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In this book, we analyze the psycho-social consequences faced by Indian American children after exposure to the school textbook discourse on Hinduism and ancient India. We demonstrate expose the correspondence between textbooks and the colonial-racist discourse. This racist discourse produces the same psychological impacts on Indian American children that racism typically causes: shame, inferiority, embarrassment, identity confusion, assimilation, and a phenomenon akin to racelessness, where children dissociate from the traditions and culture of their ancestors.

This book is the result of four years of rigorous research and academic peer-review, reflecting our ongoing commitment at Hindupedia to challenge the representation of Hindu Dharma within academia.

Ardha-nārīśvara

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By Swami Harshananda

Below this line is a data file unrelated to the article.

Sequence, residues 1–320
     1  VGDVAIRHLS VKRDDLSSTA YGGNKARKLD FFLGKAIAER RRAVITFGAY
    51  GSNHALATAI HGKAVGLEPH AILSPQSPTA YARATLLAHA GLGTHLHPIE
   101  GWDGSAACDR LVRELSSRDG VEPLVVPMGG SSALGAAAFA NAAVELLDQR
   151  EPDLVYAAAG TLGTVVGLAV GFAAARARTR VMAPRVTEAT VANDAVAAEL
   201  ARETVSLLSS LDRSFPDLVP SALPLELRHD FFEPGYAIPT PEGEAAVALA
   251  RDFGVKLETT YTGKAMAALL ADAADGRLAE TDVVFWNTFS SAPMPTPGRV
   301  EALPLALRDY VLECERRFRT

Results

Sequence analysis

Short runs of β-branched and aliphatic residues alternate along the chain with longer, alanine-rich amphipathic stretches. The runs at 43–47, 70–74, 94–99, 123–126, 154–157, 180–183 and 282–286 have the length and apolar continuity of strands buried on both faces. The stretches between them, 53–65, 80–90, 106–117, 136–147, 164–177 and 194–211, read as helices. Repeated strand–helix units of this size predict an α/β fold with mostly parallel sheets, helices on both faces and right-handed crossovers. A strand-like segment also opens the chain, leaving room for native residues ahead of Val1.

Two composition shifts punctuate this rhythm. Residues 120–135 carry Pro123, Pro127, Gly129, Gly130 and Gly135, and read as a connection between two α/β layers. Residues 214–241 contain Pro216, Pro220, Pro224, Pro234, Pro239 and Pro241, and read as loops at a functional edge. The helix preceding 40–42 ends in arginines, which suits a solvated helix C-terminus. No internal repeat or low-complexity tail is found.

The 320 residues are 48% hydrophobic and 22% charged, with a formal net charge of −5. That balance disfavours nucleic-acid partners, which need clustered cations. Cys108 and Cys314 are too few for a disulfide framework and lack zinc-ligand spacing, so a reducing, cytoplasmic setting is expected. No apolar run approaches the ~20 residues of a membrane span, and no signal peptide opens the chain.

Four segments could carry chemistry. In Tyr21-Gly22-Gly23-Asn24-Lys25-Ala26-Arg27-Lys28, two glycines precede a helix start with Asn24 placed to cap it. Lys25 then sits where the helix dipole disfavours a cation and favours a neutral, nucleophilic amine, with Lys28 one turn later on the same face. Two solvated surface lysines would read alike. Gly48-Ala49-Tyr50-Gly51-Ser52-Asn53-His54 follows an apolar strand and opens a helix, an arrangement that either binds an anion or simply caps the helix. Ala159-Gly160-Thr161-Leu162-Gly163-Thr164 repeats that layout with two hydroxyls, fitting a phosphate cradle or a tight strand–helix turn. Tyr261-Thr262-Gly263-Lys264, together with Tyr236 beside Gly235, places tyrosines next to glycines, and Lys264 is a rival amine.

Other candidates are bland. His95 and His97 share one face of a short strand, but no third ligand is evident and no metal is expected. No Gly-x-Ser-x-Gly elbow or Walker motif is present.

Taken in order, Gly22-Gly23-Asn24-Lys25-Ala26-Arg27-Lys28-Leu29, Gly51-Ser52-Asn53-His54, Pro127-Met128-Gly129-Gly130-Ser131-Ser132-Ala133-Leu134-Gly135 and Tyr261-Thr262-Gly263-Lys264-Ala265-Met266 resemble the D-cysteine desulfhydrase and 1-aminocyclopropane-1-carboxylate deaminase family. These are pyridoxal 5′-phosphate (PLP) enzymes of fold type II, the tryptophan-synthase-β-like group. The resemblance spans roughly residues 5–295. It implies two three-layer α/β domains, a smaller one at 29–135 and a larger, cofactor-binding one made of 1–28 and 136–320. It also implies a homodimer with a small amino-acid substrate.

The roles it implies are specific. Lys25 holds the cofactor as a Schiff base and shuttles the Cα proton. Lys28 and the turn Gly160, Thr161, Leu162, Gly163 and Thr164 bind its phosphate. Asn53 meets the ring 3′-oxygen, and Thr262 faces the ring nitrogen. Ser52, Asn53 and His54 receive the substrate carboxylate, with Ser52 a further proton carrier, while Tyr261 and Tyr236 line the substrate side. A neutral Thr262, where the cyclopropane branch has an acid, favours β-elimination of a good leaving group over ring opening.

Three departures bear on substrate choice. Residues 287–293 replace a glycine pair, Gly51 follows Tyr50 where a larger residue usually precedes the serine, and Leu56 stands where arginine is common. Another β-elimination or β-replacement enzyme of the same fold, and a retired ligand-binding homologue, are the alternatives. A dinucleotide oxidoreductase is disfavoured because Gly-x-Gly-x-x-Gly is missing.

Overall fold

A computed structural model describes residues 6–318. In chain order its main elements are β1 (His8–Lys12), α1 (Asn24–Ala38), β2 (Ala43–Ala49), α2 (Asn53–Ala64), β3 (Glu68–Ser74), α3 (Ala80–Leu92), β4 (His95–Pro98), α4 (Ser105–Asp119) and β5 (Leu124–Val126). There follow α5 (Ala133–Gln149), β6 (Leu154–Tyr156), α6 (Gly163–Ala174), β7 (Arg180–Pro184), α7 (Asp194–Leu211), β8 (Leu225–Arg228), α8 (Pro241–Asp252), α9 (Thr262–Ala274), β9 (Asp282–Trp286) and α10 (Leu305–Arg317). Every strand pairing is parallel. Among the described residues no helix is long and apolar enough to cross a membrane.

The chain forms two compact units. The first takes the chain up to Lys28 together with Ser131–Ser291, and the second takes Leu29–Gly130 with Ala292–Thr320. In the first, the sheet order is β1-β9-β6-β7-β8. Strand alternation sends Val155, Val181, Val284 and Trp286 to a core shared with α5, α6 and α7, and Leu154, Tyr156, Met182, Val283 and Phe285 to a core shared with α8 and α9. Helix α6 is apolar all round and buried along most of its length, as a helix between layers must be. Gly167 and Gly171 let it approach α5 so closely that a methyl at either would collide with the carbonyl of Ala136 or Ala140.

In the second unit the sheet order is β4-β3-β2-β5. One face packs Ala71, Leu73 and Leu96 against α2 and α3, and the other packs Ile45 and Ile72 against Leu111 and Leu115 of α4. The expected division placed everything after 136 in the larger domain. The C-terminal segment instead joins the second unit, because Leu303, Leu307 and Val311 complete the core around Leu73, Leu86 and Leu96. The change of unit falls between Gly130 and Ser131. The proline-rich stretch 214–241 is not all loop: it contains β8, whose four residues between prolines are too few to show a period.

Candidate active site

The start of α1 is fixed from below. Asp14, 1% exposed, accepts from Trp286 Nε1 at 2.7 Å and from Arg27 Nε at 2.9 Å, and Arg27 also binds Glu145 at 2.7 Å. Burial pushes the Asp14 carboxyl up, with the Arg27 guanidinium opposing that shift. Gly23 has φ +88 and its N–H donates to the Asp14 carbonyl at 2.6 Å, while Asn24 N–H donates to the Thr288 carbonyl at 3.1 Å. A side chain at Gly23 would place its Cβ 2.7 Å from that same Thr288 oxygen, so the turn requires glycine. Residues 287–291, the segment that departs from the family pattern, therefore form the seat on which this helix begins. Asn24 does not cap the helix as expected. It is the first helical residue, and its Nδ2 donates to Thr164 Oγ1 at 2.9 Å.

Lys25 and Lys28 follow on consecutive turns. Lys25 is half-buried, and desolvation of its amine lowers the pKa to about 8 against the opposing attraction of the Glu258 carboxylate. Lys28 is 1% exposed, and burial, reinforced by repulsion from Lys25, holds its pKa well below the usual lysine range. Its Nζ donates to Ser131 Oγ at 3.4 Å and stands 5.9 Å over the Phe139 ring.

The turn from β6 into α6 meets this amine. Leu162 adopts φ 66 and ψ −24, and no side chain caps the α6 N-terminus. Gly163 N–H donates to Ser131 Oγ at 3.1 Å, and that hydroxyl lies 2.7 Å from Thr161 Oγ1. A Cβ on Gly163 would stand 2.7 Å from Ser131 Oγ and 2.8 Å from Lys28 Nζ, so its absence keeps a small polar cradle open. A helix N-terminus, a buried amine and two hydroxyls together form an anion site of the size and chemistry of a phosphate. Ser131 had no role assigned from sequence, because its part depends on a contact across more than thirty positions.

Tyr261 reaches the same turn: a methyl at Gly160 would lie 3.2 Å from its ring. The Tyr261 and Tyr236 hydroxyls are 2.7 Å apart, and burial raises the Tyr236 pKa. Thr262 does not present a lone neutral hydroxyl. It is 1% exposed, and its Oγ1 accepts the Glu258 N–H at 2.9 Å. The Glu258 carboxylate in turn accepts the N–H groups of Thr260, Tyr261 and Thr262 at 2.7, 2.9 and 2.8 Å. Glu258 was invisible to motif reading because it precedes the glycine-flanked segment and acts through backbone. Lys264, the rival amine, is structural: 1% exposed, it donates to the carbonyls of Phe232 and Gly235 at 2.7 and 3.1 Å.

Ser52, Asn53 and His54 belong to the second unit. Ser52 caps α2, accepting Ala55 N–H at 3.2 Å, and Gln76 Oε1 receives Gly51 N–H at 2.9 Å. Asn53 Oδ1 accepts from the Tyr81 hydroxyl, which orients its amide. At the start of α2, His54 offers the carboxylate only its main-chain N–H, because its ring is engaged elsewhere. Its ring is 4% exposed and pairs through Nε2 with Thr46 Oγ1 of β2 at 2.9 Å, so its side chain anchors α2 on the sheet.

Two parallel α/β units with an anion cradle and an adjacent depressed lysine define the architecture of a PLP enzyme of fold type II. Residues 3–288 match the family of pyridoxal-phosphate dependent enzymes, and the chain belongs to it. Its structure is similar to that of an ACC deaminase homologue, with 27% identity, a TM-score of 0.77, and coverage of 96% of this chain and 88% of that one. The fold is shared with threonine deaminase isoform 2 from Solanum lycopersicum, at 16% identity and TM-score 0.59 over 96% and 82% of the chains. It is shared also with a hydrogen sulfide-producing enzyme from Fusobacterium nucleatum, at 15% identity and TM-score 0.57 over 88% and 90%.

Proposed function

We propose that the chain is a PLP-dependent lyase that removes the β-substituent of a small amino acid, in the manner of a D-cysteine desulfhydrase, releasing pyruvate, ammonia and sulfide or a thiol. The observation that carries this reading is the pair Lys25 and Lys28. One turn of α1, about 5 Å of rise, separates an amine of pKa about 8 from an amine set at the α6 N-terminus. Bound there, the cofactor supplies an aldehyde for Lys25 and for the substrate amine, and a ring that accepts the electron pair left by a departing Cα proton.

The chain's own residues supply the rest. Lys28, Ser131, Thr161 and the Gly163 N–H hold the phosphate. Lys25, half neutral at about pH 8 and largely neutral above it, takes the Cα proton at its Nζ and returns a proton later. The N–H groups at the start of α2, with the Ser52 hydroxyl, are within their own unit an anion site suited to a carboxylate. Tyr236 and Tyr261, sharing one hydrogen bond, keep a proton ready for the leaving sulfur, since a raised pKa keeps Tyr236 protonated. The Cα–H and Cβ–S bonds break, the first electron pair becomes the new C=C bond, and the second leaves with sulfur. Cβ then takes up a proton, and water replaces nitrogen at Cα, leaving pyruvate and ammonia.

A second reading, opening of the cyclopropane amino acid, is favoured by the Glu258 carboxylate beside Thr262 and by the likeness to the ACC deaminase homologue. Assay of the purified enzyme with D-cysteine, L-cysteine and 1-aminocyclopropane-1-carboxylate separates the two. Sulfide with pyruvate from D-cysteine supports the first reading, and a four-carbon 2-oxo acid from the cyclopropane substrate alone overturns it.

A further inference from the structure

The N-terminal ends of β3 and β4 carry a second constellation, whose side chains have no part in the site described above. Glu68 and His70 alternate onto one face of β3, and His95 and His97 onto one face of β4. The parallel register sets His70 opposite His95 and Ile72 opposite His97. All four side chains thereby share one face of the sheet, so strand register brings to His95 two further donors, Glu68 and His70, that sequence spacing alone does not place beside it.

Ardhanariśvara

Ardha-nārīśvara literally means ‘Lord, who is half-woman’.

Śiva, also called īśvara, is the third deity of the Trinity. He is generally worshiped in the form of the liṅga.

Etymologically both the words, Śiva and liṅga, mean ‘that into which the universe dissolves.’ Śiva is thus the ultimate source of all creation.

In the Puraṇa-s, the śakti or power by which God creates, sustains and dissolves the universe is pictured as a female deity, the consort of God. Śiva’s consort is Pārvatī. Ardhanārīśvara is one of the several forms in which Śiva manifested himself.

The right half is that of Śiva and the left is that of Pārvatī. This iconographic concept signifies the identity of Śiva and Śakti, and as a corollary, that man and woman are mutually complementary. In a more general sense, it signifies the bipolar nature of the world.

Some scholars opine that the form might have been evolved to bring about a compromise between the cults of Śiva and Śakti.

References[edit]

  • The Concise Encyclopedia of Hinduism, Swami Harshananda, Ram Krishna Math, Bangalore

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